The power take off arrangement 29 includes a right angle drive gear box 39 supported on the bag machine 20 and driven by a timing belt 40 or the like from the gear train 25 and including a second gear box 42 carried on a main frame 44 of the bag collating and stacking apparatus 26 and being drivably connected with the drive train 36. A propeller shaft 45 drivably connects the gear box 39 to the gear box 42 for transmitting a synchronizing drive from the bag machine 20 to the apparatus 26. Preferably an overloaded clutch 46 is utilized with the propeller shift 45 to protect the drive train 36 against overloads and which is provided with an electrical cut-out switch (not detailed) arranged to interrupt or disconnect electrical power supply to the motor 24.

Now with specific reference to FIGS. 3, 6 and 7 of the drawings, it will be seen that the starwheel 34 includes a pair of spaced hub members 47 which carry a series of disc segments 48 in which the bag receiving slots 33 are formed. The starwheel hub members are mounted on a rotatable shaft 49 which is in turn journalled in bearings 50 and supported on the mounting members 35 at a position relative to the discharge end 28 of the bag machine 20. Each completed, flattened bag 30 emerging from the bag machine is intercepted in turn by one of the slots 33 in a timed relationship relative to the production rate.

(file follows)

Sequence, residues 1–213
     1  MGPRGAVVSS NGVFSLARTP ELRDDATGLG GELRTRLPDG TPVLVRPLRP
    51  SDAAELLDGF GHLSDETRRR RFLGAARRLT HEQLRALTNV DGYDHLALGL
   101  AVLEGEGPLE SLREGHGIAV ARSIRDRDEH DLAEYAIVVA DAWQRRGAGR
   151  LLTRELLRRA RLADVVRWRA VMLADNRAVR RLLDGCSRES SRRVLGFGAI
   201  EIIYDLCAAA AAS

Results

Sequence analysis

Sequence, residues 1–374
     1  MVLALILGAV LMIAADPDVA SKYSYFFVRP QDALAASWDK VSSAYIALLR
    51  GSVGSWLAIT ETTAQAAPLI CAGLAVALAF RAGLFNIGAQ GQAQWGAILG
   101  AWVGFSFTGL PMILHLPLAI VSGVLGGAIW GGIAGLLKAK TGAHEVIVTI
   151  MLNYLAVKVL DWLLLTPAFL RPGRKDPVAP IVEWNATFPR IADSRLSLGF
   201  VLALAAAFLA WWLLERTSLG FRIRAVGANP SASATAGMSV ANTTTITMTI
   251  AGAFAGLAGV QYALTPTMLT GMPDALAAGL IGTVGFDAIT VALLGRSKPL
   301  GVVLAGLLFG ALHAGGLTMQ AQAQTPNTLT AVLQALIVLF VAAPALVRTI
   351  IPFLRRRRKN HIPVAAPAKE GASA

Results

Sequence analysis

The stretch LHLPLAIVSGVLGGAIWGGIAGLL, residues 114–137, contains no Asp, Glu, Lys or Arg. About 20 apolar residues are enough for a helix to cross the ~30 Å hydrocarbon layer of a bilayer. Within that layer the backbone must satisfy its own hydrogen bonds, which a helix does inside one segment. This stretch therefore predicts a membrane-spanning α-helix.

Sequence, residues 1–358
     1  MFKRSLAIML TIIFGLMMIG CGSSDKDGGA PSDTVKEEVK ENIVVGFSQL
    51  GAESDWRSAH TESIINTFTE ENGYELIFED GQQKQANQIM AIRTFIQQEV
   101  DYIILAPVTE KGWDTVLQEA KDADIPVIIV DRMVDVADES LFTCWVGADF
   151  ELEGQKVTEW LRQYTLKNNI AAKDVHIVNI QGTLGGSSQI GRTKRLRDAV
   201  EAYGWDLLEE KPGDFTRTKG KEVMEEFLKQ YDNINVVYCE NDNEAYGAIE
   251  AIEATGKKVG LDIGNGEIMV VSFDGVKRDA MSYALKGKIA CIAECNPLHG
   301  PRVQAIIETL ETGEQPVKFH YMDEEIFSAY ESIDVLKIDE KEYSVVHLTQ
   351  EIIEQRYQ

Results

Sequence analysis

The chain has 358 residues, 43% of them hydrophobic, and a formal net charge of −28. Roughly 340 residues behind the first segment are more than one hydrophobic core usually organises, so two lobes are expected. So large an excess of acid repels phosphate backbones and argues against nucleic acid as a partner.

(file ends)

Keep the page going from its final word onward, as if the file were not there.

The bags 30 are carried in the slots 33 around the starwheel 34 downward to a generally vertical position (as best seen in FIG. 7) onto a collection conveyor 51 at which point they are stripped from their respective slots by a bag support flight 52. The support flights 52 are positioned in an intercepting orientation with respect to the bags carried in the slots 33. This positioning is effected by a pair of intermittently driven roller chains 54 each of which are trained about a pair of sprockets 55 and 56. A plurality of flights or fingers 58 are connected to each roller chain in spaced relationship along the length thereof to provide individual collection areas, sequentially positioned relative to the starwheel 34 for a given period by a 90 indexdrive unit 59 to receive a predetermined quantity of bags from the bag machine 20. The collection areas are each defined by leading and trailing fingers 58 carried on each roller chain 54 with a related bag support flight 52 pivotally connected by coupling pins 60 between the leading fingers 58 and with the trailing portion of each flight 52 guided through a predetermined path of travel by means of a cam roller 61 and cam 62. The cam roller 61 is carried from the trailing end of the bag support flight 52 on a leg 63.